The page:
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Strateia (Greek: στρατεία) is a term used in the Byzantine Empire, which according to the Oxford Dictionary of Byzantium "signified enrollment into state (civil or military) or ecclesiastical service and the attendant obligations".[1]

The term is the direct analogue of the Latin term militia,[1] which applied to all categories of state officials already under the late Roman Empire.

The most common usage of the term in middle Byzantine times was in the military sphere: the holder of a strateia, or stratiotes (στρατιώτης), was obliged either to provide military service himself, or to provide money for the upkeep of a soldier, either as an individual or as a group/community (syndotai).[1]

By the 10th century, the strateia had gone from being a personal, hereditary duty of the stratiotes and his family, to a duty attached to the military lands (stratiotika ktemata) that were allocated to the stratiotes.[1] The stratiotika ktemata probably originated in the military crisis of the 7th century, when the state was forced to offer land in lieu of cash payment in exchange for the strateia, but they are not attested until the 10th century.[2] By that time, various categories of strateiai existed, based on the income of the lands attached to them: alongside strateiai for the upkeep of sailors, infantrymen and cavalrymen, these included strateiai for the upkeep of demosios dromos (public post) and of a heavy cavalryman (cataphract), the latter a new service instituted under Nikephoros II Phokas in the 960s.[1] The strateiai of sailors fell in two categories: the sailors of the maritime themes, who had to equip and fight themselves and saw more action, received lands worth four pounds of gold, while the sailors of the smaller regional fleets, as well as the central Imperial Fleet in Constantinople held property of two pounds of gold (the Imperial Fleet received cash salaries in addition).[3]

In Byzantine law, the stratiotai were distinguished from the general agricultural population (georgoi): the stratiotai were even prohibited from engaging in commerce or agriculture themselves, and exempted from the all other fiscal obligations save the aerikon and kanon taxes. They also received pay (roga) and state-sponsored supplies (opsonion) for taking part in military expeditions and performing labour in public works.[4][5] Successive 10th-century emperors also took care to maintain the system by placing restrictions on the sale of the stratiotika ktemata: Constantine VII set minimum inalienable values of four pounds of gold for cavalrymen and two pounds for sailors, which Nikephoros II Phokas raised to 12 pounds to ensure that the cataphract strateiai would be maintained. Abandoned properties were automatically restored to the original owner without compensation, having a retroactive force of 40 years, and rights of pre-emption (protimesis) on any available military land was granted to relatives or members of the same community as the original holder's.[2] The exact nature of the stratiotai during the heyday of the theme system in the 7th–11th centuries has been the subject of debate, with views ranging from their identification as "soldier-farmers" by George Ostrogorsky to the view of Paul Lemerle that 10th-century stratiotai did not actually campaign themselves, but provided only material support. Evidence from contemporary documents seems to support the former view, however.[4]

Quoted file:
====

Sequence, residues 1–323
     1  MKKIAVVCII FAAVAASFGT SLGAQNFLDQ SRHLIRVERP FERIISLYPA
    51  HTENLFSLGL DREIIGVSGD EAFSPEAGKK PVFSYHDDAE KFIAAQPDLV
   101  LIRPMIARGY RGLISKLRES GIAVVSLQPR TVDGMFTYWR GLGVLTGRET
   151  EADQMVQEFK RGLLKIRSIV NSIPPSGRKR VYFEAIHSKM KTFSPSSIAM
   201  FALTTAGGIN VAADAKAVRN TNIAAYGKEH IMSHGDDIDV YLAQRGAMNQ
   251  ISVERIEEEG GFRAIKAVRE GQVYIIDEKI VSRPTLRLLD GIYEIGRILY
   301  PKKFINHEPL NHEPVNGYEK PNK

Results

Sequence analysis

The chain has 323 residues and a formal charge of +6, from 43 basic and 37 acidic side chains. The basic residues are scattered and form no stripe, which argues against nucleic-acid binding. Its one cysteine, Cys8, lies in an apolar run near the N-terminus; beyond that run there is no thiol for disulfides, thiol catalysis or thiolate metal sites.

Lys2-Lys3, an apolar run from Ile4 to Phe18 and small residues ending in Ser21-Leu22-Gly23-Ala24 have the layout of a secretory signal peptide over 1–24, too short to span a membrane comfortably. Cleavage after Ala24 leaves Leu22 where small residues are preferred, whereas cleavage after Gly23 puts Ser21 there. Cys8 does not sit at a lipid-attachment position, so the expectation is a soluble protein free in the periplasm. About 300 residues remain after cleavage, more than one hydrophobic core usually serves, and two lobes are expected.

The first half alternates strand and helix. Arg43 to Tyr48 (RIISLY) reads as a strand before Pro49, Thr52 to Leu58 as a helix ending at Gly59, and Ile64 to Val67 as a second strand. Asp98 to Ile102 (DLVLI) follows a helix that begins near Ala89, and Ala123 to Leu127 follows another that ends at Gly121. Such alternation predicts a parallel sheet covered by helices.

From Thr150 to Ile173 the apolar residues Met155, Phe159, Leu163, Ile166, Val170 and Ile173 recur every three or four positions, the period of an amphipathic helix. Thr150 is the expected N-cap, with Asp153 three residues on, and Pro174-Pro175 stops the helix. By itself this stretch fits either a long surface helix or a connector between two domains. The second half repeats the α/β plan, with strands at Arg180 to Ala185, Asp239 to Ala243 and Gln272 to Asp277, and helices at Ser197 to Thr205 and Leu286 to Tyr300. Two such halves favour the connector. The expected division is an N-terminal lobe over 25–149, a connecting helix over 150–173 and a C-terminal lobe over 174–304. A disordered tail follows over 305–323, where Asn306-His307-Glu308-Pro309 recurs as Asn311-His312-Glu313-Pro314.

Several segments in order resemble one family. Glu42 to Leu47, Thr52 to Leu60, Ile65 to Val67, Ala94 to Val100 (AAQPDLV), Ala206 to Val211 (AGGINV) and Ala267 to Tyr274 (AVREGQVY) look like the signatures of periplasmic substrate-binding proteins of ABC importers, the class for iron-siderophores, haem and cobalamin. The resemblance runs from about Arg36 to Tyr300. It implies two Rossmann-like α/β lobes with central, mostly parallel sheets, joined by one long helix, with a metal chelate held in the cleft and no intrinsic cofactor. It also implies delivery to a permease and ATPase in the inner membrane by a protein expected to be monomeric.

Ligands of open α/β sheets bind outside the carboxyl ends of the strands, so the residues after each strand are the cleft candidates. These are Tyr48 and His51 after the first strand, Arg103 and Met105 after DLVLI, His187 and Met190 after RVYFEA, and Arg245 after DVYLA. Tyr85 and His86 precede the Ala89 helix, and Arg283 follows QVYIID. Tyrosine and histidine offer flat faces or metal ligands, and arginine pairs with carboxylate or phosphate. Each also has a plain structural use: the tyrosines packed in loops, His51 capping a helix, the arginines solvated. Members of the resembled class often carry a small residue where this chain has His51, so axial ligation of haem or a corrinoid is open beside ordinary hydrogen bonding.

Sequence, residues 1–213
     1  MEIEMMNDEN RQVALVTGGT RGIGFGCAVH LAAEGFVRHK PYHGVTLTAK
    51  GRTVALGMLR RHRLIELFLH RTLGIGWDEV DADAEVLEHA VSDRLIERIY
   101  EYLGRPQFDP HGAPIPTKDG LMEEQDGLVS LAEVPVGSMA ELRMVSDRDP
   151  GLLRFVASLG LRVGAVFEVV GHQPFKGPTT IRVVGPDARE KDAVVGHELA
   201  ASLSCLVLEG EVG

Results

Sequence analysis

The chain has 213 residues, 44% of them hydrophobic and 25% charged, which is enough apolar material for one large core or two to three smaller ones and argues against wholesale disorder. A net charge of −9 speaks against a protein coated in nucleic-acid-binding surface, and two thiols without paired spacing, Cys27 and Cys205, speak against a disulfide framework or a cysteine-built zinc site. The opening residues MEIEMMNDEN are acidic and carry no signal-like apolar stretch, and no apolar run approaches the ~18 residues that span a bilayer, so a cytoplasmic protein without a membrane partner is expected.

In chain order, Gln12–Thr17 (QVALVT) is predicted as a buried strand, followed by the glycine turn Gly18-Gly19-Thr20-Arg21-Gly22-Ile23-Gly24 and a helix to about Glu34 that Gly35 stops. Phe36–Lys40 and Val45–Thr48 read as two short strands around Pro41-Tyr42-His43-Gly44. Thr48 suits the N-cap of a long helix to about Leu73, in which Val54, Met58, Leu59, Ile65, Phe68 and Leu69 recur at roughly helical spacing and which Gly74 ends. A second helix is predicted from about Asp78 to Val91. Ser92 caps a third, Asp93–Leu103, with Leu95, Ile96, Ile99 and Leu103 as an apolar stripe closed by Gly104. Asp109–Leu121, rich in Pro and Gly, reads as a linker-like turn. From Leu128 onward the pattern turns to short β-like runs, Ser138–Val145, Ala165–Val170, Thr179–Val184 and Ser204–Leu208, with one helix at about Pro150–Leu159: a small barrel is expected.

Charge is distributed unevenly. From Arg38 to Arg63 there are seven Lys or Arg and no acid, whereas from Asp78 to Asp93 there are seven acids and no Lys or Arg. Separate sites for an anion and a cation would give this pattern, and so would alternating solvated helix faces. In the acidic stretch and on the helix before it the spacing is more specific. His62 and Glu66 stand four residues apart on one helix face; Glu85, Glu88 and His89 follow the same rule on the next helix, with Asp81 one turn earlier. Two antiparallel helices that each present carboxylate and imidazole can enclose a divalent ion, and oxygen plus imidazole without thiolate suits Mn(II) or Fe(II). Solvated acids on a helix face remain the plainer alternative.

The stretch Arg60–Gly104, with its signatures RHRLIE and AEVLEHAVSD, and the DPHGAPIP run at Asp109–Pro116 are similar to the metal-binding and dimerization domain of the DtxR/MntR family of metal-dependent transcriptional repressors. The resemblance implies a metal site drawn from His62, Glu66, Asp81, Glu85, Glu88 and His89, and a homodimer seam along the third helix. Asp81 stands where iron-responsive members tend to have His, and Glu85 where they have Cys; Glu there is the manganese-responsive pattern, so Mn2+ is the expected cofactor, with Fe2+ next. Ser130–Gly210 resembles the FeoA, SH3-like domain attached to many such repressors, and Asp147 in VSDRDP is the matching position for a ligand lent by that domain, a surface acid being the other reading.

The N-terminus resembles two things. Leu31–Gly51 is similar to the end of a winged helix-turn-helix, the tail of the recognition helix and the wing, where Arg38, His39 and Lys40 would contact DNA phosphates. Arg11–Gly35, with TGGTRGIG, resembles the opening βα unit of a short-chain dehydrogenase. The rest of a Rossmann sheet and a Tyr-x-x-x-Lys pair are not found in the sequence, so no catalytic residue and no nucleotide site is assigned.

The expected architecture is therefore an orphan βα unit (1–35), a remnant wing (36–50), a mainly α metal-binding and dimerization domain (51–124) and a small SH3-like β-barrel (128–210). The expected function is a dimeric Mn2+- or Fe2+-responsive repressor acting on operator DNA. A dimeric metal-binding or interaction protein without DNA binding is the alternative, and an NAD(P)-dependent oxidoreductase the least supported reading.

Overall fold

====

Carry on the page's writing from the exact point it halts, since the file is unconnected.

By the 11th century, the strateia had become purely fiscal obligation, and lo longer entailed any requirement for rendering personal military service.[1] Consequently, instead of native Byzantine soldiers, mercenaries were increasingly hired by the proceeds from the strateia, a process accelerated after the late 11th century with the loss of the recruiting grounds of Asia Minor to the Seljuk Turks.[6] Like all other fiscal exactions, exemptions from it could be secured.[7] Even after the fiscalization of the strateia, the term "stratiotes" remained in usage as a fiscal term for a class of landowners until at least the 14th century.[4]

The strateia is not to be confused with pronoia, a similar but distinct term employed from the 12th century on. The strateioumenoi farmed their own land, while pronoiarioi merely received the proceeds from their grants to maintain themselves.


  1. 1.0 1.1 1.2 1.3 1.4 1.5 ODB, E. McGeer, A. Kazhdan, "Strateia", p. 1965.
  2. 2.0 2.1 ODB, E. McGeer, "Stratiotika ktemata", p. 1966.
  3. ODB, E. McGeer, "Sailor", p. 1828.
  4. 4.0 4.1 4.2 ODB, A. Kazhdan, E. McGeer, "Stratiotes", pp. 1965–1966.
  5. ODB, E. McGeer, "Recruitment", pp. 1777–1778.
  6. ODB, E. Mc Geer, "Mercenaries", p. 1343.
  7. ODB, E. Mc Geer, A. Kazhdan, "Strateia", p. 1965.


  • Kazhdan, Alexander, ed (1991). The Oxford Dictionary of Byzantium. Oxford and New York: Oxford University Press. ISBN 978-0-19-504652-6. 

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